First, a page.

- David R. Kinsley in: Hindu Goddesses: Visions of the Divine Feminine in the Hindu Religious Tradition, 19 June 1988), p. 93.
- Vishnu offers Ganesha his worship by calling him Ekadanta, Heramba, Vighnayaka, Lambodara, Shurpakarna, Gajavaktra and Guhagraja. Praising Ganesha, Radha, the most beloved companion of Sri Krishna recited the mantra.
- B.R. Kishore in: Lord Ganesh, Diamond Pocket Books (P) Ltd, p. 19.
- Every one of her forms is specifically female – most distinctly as Radha, Sita and Rukmini who are consorts of various forms of Vishnu. She is prithvi the divine feminine embodied as mother earth... the gods proclaim: You exist as little girls in their childhood, As young women in their youth, And as elderly women in their old age.
- Constantina Rhodes in: Invoking Lakshmi: The Goddess of Wealth in Song and Ceremony, SUNY Press, 29 September 2010In: p. 26.
- It is a classical dance [Odissi], danced mostly by women...It originated in the temples where the composers, singers, and the dancers came together. It centered on the celestial love of Krishna and Radha. At one time it was performed by the Devadasis dedicated to the temples but now it has spread out to the homes and cultural institutions. But the purity is maintained and the essentials are always kept in view.
- Manohar Sajnani in: Encyclopaedia of Tourism Resources, Gyan Publishing House, 2001, p. 260.
- Whether you accept Rādhā and Krishna, or not, please do accept their attraction for each other. Try to create that same yearning in your heart for God. Yearning is all you need in order to realize Him.
- V.K.Subramanian in Mystic Songs of Meera, p. 140.
- God became Krishna and Râdhâ —
Love flows in thousands of coils.
Whoso wants, takes it.
Love flows in thousands of coils —
The tide of love and loving past,
And fills the soul with bliss and joy!
- In God all natures are possible. But we can see Him only through human nature. We can love Him as we love a man—as father, son. The strongest love in the world is that between man and woman, and that also when it is clandestine. This is typified in the love between Krishna and Radha.
- Kama (lust) is blind and leads to hell. Prema is love, it leads to heaven. There is no idea of lust or sympathy in the love of Krishna and Radha. Radha says to Krishna, "If you place your feet on my heart, all lust will vanish".
- Krishna the beautiful aspect of God. Love crystallises into blueness. Blue colour is expressive of intense love. Solomon saw "Krishna". Here Krishna came to be seen by all. Even now, when you get love, you see Radha. Become Radha and be saved. There is no other way.
- Take the story of Râdhâ and Krishna in Râsalilâ. The story simply exemplifies the true spirit of a Bhakta, because no love in the world exceeds that existing between a man and a woman. When there is such intense love, there is no fear, no other attachment save that one which binds that pair in an inseparable and all-absorbing bond. But with regard to parents, love is accompanied with fear due to the reverence we have for them. Why should we care whether God created anything or not, what have we to do with the fact that He is our preserver? He is only our Beloved, and we should adore Him devoid all thoughts of fear. A man loves God only when he has no other desire, when he thinks of nothing else and when he is mad after Him. That love which a man has for his beloved can illustrate the love we ought to have for God. Krishna is the God and Radha loves Him; read those books which describe that story, and then you can imagine the way you should love God. But how many understand this? How can people who are vicious to their very core and have no idea of what morality is understand all this?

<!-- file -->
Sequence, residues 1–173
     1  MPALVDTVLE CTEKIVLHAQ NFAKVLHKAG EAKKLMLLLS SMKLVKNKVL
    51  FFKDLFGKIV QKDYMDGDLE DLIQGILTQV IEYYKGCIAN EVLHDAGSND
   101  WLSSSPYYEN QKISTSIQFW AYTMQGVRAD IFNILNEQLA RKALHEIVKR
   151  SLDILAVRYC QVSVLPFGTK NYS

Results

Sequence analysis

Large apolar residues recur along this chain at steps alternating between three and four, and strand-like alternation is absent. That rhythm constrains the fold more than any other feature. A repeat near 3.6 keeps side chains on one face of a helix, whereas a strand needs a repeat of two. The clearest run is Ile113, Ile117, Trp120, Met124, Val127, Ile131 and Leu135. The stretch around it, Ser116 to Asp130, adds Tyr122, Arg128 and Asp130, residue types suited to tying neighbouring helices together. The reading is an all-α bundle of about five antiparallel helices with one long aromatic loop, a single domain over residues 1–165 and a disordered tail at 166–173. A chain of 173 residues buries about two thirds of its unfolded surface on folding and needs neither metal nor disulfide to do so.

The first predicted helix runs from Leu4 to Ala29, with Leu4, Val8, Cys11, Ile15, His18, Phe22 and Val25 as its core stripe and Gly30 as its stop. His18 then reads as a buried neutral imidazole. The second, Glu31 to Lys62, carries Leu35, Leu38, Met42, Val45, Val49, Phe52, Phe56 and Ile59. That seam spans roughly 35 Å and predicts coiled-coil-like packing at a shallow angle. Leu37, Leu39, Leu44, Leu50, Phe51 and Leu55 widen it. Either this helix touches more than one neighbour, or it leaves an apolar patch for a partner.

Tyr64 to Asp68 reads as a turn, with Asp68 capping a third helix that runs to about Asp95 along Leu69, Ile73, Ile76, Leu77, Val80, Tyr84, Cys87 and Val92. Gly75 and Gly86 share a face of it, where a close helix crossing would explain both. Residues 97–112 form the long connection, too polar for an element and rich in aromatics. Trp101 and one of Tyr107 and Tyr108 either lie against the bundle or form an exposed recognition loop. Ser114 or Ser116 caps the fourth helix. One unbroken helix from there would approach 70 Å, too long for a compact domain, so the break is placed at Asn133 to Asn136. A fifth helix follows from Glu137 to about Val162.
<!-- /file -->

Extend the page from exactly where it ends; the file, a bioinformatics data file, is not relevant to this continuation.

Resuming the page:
- The madness of Love—God intoxicated man
The allegory of Radha misunderstood
The restriction more increase—
Lust is the death of love
Self is the death of love
individual to general.
- There is not the least necessity for teaching the divine Love of Râdhâ and Krishna. Teach them pure devotion to Sitâ-Râm and Hara-Pârvati. See that no mistake is made in this respect. Remember that the episodes of the divine relationship between Radha and Krishna are quite unsuitable for young minds.
Encyclopaedia of Hindu Gods and Goddesses
Suresh Chandra in: Encyclopaedia of Hindu Gods and Goddesses, Sarup & Sons, 1998.
- Krishna, the Avatar of Vishnu is worshipped throughout India in many ways. The actual meaning of Krishna is “The Dark One”. Krishna’s popular consort’s name is Radha.
- In: p. 106.
- He has no legal consort but his chief mistress, a married woman, is Radha. He is reputed to have enjoyed as many as 16,000 such liaisons. Almost certainly, Krisna originated as a fertility god of herdsmen and vegetation who became synchretized with the hero of Mahabharata.
- In: p. 179.
- In the later centuries' accounts probably during the tenth and twelfth century, a cowherd girl named Radha came into great prominence as the constant lover and companion of Krishna. She was the daughter of Vrishbhanu and was married to Ayaan. This woman fell madly in love with Krishna and became immortal. Now her image can be seen side by side with Krishna in most of the temples.
- In: p. 184.